On June 12, 2014, the District of New Jersey refused to permit a generic challenger from introducing an indefiniteness defense through claim construction where the generic challenger had not previously asserted the defense in its invalidity contentions. See Auxilium Pharm., Inc. v. Watson Labs., Inc., No. 12-3084, D.I. 207 (D.N.J. June 12, 2014). Read the decision here.
New Jersey Local Patent Rule 3.3(d) requires generic challengers in Hatch-Waxman Act litigations to include in their invalidity contentions, inter alia, “[a]ny grounds of invalidity based upon 35 U.S.C. § 101, indefiniteness under 35 U.S.C. § 112(2) or enablement or written description under 35 U.S.C. § 112(1) of any of the asserted claims.” Id. at 5. While Watson Laboratories, Inc. (“Watson”) previously sought leave to amend its invalidity contentions to include an indefiniteness defense, it was precluded from doing so because it failed to established diligence or good cause for not identifying the defense earlier in the case.See Auxilium Pharm., Inc. v. Watson Labs., Inc., No. 12-3084, D.I. 135, at 14-17 (D.N.J. June 6, 2013).Read the decision here. Indeed, the Court had found that “[n]one of the information needed to reach the conclusion that a limitation is indefinite was either in the exclusive control of [Auxilium Pharmaceuticals, Inc. (“Auxilium”)] or obscure. Watson points to nothing beyond the patents themselves. Watson could have reviewed the disclosure and considered indefiniteness at least as early as April 2012 for its notice letter.” Id. at 16.
After the Court prevented Watson from amending its invalidly contentions to include an indefiniteness defense, Watson attempted to force the defense into the case through claim construction proceedings.See Auxilium, D.I. 207 at 1-2. Initially, Watson argued that claim construction of the viscosity terms was necessary for the issue of noninfringement. Id. at 3. When Auxilium mooted that argument by pursuing only “claims for which infringement was not disputed,” Watson then argued that claim construction “was necessary for other invalidity defenses.” Id. When Auxilium pointed out that Watson could not articulate any reason why claim construction would be relevant to its other invalidity defenses, Watson again shifted positions and argued that “claim construction is required in this case, so that Watson may raise issues of indefiniteness.” Id. at 3-4. The Court, however, identified that the issue that needed to be addressed in the instant opinion was “whether a party that does not assert indefiniteness in its invalidity contentions, as required by Local Patent Rule 3.3(d), nonetheless can argue during claim construction that certain claim terms are indefinite and, therefore, the patents-at-issue are invalid.” Id. at 7.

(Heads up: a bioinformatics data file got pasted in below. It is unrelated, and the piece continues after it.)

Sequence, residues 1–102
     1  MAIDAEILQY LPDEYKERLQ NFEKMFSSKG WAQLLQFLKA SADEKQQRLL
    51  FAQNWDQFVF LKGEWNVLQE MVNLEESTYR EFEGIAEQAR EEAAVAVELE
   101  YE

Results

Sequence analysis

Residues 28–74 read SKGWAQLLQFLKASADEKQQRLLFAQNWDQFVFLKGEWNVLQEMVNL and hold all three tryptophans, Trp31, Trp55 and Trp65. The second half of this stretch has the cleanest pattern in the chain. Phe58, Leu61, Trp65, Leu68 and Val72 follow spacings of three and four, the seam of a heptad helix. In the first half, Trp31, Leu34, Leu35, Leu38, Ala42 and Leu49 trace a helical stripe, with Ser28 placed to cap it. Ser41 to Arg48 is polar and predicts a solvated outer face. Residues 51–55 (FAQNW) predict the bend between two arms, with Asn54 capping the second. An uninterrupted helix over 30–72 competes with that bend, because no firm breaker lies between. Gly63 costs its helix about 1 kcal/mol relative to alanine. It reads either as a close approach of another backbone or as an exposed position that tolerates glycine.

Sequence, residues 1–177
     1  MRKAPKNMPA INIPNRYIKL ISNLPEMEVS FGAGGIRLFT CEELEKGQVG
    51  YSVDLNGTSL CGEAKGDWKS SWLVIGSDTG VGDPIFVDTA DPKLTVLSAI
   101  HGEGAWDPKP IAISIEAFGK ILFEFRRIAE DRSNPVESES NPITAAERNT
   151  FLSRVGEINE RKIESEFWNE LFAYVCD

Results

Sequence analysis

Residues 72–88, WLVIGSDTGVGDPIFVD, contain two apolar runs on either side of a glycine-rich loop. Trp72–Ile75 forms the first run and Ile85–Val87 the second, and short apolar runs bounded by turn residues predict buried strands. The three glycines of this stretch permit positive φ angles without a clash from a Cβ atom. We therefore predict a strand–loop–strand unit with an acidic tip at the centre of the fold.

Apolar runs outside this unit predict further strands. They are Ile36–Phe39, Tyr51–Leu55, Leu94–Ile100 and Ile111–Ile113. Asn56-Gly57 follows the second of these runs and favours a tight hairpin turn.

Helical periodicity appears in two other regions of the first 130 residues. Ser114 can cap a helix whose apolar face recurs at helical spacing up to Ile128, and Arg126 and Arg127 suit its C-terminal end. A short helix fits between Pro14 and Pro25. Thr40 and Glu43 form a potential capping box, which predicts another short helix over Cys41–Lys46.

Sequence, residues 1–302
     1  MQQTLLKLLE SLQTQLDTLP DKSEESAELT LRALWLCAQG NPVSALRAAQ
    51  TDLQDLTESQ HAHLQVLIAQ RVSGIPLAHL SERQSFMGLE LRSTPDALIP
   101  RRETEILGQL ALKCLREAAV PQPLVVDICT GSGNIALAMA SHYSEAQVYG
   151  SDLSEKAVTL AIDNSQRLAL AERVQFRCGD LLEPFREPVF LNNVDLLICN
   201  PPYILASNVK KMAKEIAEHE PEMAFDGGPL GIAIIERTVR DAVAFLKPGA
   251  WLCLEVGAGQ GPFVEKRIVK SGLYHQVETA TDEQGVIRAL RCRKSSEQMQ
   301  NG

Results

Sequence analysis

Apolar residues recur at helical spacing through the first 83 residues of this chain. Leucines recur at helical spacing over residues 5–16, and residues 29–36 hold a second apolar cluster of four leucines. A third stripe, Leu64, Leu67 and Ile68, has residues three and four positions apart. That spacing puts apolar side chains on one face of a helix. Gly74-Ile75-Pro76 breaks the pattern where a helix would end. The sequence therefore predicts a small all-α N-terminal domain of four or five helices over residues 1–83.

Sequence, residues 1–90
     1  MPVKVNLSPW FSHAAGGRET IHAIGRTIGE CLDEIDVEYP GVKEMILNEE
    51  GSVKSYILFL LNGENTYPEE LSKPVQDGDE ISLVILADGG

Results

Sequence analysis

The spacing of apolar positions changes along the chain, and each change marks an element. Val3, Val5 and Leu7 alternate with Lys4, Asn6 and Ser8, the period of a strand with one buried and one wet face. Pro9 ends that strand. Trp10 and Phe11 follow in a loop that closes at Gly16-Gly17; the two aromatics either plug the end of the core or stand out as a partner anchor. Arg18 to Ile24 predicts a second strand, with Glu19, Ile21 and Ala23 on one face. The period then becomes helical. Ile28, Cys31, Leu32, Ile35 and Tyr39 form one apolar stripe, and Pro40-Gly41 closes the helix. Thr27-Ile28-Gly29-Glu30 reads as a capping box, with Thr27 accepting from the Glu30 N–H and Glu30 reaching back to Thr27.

Recognizing that Watson was in effect attempting to circumvent the requirements of the Local Patent Rules, the Court found that Watson could not seek a determination that the patents-at-issue are invalid for indefiniteness through claim construction. Id. at 8. The Court explained:
If the Court were to accept Watson’s argument that it can argue the viscosity terms are indefinite, and therefore the patents-at-issue are invalid, during claim construction (or at trial) even though Watson failed to comply with Rule 3.3(d), Rule 3.3(d) would be rendered meaningless. The Court declines to write subsection (d) out of the Local Patent Rule 3.3.
Id. The Court also concluded that claim construction proceedings were not necessary because Auxilium had removed any issues of noninfringement from the case and Watson had not offered any other explanation as to why claim construction would be relevant to Watson’s other invalidity defenses. Id. at 9-11.
Accordingly, this case is another important tool for innovator companies to use against generic drug manufacturers who attempt to circumvent the importance of the early disclosure requirements of Local Patent Rules by using claim construction proceedings as a backdoor to introduce invalidity arguments not included in their contentions.